Disease-initiating mutations in the transcription factor RUNX1 occur as germline and somatic events that cause leukemias with particularly poor prognosis. However, the role of RUNX1 in leukemogenesis is not fully understood and effective therapies for RUNX1-mutant leukemias remain elusive. Here, we use primary patient samples and a RUNX1 knockout model in primary human hematopoietic cells to investigate how RUNX1 loss contributes to leukemic progression and to identify targetable vulnerabilities. Surprisingly, we found that RUNX1 loss decreased proliferative capacity and stem cell function. However, RUNX1-deficient cells selectively upregulated the interleukin-3 (IL-3) receptor. Exposure to IL-3, but not other JAK/STAT cytokines, rescued RUNX1 KO proliferative and competitive defects. Further, we demonstrated that RUNX1 loss repressed JAK/STAT signaling and rendered RUNX1-deficient cells sensitive to JAK inhibitors. Our study identifies a dependency of RUNX1-mutant leukemias on IL-3/JAK/STAT signaling, which may enable these aggressive blood cancers to be targeted with existing agents.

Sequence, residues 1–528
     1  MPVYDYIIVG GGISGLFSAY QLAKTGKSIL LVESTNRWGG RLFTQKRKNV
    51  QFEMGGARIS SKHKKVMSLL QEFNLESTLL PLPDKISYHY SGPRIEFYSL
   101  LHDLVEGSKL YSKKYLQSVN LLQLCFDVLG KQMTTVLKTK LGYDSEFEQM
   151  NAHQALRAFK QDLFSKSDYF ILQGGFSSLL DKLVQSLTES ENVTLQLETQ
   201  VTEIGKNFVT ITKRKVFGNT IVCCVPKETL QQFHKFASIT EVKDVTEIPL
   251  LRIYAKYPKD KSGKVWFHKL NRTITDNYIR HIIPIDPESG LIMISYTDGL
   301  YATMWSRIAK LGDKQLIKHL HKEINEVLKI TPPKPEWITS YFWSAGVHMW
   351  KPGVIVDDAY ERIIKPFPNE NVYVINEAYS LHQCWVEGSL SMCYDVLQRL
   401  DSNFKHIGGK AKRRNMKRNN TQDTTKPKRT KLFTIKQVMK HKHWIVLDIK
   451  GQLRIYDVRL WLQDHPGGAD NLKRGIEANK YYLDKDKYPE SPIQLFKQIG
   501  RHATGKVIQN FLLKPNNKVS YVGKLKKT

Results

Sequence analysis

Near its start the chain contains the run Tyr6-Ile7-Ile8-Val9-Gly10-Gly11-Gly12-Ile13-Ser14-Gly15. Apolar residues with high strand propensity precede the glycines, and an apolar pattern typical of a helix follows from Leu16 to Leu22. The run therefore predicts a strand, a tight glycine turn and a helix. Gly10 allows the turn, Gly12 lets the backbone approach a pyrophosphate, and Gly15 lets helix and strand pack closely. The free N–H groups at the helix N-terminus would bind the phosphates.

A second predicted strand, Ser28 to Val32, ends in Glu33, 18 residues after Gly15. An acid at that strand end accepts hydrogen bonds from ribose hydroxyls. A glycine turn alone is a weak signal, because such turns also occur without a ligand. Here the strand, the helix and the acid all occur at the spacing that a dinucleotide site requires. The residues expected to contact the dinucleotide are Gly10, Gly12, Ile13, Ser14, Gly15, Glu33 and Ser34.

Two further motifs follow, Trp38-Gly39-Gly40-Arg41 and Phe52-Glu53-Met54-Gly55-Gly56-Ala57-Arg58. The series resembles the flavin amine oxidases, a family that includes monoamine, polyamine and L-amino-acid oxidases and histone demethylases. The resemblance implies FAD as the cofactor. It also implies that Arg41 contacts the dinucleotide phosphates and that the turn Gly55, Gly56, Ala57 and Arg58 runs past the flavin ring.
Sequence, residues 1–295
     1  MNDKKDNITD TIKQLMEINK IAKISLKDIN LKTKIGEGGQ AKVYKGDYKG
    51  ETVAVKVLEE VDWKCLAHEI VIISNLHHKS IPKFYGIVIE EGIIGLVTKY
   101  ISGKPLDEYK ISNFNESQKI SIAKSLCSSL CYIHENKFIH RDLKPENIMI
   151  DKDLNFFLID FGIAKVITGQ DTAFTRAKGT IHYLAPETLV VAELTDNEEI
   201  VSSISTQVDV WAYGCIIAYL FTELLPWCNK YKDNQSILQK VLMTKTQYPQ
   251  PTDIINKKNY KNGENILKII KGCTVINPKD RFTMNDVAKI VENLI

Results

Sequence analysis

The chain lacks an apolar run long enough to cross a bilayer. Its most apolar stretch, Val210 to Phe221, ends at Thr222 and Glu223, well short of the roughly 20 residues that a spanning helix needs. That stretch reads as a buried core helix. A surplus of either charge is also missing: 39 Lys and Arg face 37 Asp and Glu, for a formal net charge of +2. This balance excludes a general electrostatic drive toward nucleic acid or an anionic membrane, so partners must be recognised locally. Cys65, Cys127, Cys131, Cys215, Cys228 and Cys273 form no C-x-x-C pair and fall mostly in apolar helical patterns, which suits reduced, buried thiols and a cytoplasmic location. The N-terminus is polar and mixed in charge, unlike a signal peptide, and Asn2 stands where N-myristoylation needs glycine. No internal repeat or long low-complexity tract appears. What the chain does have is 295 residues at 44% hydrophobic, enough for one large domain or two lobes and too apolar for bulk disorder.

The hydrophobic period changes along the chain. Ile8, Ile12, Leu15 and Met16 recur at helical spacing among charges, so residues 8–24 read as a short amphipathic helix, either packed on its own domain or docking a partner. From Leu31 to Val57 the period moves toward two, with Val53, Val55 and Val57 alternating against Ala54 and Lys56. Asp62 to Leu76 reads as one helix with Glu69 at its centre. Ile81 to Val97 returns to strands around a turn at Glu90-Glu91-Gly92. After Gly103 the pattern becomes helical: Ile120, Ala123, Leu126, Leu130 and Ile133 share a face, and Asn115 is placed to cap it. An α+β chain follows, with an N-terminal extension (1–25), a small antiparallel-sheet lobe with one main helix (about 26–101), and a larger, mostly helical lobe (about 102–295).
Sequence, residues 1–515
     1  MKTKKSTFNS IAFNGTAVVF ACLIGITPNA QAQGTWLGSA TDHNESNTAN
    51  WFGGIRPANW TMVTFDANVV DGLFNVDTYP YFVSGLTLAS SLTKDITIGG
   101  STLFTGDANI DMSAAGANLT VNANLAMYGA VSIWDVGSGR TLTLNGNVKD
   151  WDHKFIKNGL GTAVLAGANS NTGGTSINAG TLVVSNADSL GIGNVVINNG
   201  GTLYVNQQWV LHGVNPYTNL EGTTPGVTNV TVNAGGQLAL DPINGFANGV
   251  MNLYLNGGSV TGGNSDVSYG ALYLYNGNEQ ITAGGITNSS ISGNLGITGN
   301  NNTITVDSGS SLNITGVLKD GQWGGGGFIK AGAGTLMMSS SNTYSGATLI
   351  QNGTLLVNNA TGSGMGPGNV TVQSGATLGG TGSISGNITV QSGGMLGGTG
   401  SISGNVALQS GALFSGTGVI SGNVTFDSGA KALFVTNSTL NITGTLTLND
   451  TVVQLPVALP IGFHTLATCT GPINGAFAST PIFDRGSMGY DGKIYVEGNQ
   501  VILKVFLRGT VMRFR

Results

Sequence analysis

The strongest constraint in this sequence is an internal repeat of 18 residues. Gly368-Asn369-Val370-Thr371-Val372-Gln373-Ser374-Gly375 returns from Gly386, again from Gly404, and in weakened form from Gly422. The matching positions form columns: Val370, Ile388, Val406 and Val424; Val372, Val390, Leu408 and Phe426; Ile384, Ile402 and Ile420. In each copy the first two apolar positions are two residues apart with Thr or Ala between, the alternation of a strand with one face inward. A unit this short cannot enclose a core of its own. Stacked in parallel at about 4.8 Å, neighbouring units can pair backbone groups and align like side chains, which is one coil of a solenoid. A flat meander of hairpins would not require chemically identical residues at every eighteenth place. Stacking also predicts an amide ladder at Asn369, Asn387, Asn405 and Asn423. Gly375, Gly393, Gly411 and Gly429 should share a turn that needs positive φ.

View details for DOI 10.1172/JCI167053
View details for PubMedID 37581927